• Use the tape to seal the envelope (do not cover your stamps with tape). Remember to fold in the corner or put a strip of paper to make it easy to open and preserve your mailer.

Mail the cards to the host and you're done. While you are waiting, join another swap, make more cards for trading, or go boxing!

What do the icons on an LTC represent?

Stamp Types

The creator promises you'll find a genuine, 100% hand-carved stamp in the letterbox and not a store-bought or custom-made stamp.
The letterbox contains a unique, custom-made stamp.
The letterbox contains a store-bought stamp rather than a hand-carved or custom-made stamp.


The card is an undersized card (inchies, twinchies, quisps, etc.).
The card is a standard sized LTC.
The card is an oversized card (bookmarks, postcards, etc.).


The stamp used for the LTC has been previously used in some other box, and not necessarily another LTC.
You must solve some sort of puzzle or other challenge in order to 'earn' this LTC.

Can I make my own embossing powder?

yes yes yes!

Contributed By: Mrs Anesha Marshall - England
Use clear embossing powder and Powdered Pearls, or Pearl EX Powders and create beautiful colors of Embossing Powder

In an empty embossing powder jar, mix and shake well, clear embossing powders with what ever color you like of Faerie Dust, Powdered Pearls, or Pearl EX Powders! You can get some really beautiful effects by embossing with it!

Added by FloridaFour: You can also mix different colors of embossing powder. My favorite is to add red or black powder, then just sprinkle a tiny bit of silver or gold onto that.

How do I make my own Glue Dots?

Glue dots are a fast and easy way to attach layers of paper and embellishments to your cards. You can get rolls of 200 to 400 of them for around 5 dollars. You can make them yourself with Alene's Tack it Over and Over Again glue. These are much more economical and you can create any size you want.

  1. cut strips of waxed paper
  2. drop dots of the glue onto it (leave space between the dots)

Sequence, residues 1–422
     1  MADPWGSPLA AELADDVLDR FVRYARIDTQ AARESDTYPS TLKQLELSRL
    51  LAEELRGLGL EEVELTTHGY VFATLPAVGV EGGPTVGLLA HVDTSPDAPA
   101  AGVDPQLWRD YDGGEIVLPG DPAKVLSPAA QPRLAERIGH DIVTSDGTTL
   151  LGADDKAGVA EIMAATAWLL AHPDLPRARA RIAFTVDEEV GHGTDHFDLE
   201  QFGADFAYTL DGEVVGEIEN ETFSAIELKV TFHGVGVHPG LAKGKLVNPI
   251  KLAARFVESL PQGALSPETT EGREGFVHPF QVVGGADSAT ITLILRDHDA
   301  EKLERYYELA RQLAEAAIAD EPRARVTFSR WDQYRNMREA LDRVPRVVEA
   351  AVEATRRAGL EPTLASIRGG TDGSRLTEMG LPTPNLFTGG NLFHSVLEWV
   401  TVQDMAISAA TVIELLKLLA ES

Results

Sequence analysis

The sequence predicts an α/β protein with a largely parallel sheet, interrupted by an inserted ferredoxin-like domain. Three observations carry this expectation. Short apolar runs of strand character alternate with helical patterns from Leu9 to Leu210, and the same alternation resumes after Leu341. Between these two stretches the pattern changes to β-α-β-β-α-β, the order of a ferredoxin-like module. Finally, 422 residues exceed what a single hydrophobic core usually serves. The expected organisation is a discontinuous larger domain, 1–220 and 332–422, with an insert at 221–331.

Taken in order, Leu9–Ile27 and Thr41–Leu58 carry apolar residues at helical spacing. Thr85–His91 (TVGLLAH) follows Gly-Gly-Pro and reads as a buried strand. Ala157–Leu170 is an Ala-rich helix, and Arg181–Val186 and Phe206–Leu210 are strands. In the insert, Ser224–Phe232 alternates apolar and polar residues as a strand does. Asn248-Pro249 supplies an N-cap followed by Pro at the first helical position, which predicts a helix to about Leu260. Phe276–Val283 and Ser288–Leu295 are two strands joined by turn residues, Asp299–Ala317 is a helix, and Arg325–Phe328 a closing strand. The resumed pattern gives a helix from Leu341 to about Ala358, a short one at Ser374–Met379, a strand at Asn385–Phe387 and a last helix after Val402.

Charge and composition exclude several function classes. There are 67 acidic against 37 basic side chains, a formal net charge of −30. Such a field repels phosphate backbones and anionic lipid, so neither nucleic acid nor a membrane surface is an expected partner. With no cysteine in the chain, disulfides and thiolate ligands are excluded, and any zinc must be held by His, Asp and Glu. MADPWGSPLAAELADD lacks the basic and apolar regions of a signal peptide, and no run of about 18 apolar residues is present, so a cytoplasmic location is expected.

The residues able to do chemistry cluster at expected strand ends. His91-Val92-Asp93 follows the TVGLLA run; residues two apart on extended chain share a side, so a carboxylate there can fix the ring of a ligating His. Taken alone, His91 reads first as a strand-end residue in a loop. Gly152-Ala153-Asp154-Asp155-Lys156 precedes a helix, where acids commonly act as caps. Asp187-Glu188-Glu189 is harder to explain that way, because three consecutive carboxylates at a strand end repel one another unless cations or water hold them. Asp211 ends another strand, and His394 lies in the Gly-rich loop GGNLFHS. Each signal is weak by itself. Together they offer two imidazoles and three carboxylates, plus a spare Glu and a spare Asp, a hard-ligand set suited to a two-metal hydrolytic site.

3. let it dry until it is clear

The glue dots are ready to use or you can cover with another strip of waxed paper and save for another day.

Other possible materials for dotting the glue onto are the glossy side of backing sheets from address labels (or any labels) and discarded plastic leftover from laminating projects. Glue dots release from both of these materials very easily. The plastic is very durable which makes it reusable indefinitely.

How do I refill a blender pen?

Blender pens are often used to blend marker colors together. You can also use them "paint" with stamp pad inks, coptic markers or various other mediums. It will extend the drying time of the ink to allow more time for shading variations. It will also give you more time to add embossing powder to inks that typically dry too quickly.

You can refill the pens to save money and the environment. I found this simple recipe on Splitcoaststampers and wanted to share it with you.

2 teaspoons glycerin
4 teaspoons distilled water
1/4 teaspoon rubbing alcohol

Use an eye dropper to add the solution to the tip of your pen. This will go a long way so don't double it! Store in an air tight bottle or other container.

Happy Blending~

Where do you buy plastic sleeves for an LTC?

Most hobby stores, comic book shops, art supply stores & some mega stores sell 100 count sleeves for under $1.00; they also sell the 9-pocket pages for displaying your LTCs.

What is the best way to cut an LTC sheet from a 12x12 sheet of paper?

You can get 16 LTCs from a 12x12 sheet of paper. You start by cutting the 12x12 into four 5x7s, then cut those into quarters. You'll be left with a small square scrap of paper in the middle of the original sheet. Link to a video showing how.

What information goes on the back of an LTC?

At a minimum, an LTC should include:
  • Title of card
  • Trail name of maker and/or signature stamp (some artists have special smaller stamps they use for LTCs)

Other information that you may want to include:
  • Swap name if it was traded in a swap
  • Number of card such as 1 of 20 or 1/20
  • Date (some use the tracker date, some use the card completion date)
  • The Atlas Quest listing number
  • Info on techniques, name of artist if the carve is based on artwork, background information
  • Your signature or initials
  • The carver's name if you used someone else's stamp
  • Any other info you find useful or interesting

What are some LTC ideas and techniques?

Here is a tracker by FloridaFour, which included links from several people for LTC techniques and tutorials. Many others are available online. Facebook is particularly a good way to discuss ideas, by joining various mixed media, art journaling, ATC and card making groups. Also look to see what groups your artsy friends have joined, and check them out.

How do I package a set of LTCs for a tracker?

Most hosts at this time prefer a taped, reusable flat mailer, because it keeps postage more consistent, and is easier to sort and send.

Here is a link to Chedva's bubble mailer tutorial. You can tape a flat mailer just like a bubble mailer:

Small trackers may use self-addressed stamped envelopes because for just a few cards, it is less postage, but this is less common, so please read each tracker and if you aren't sure, ask the host.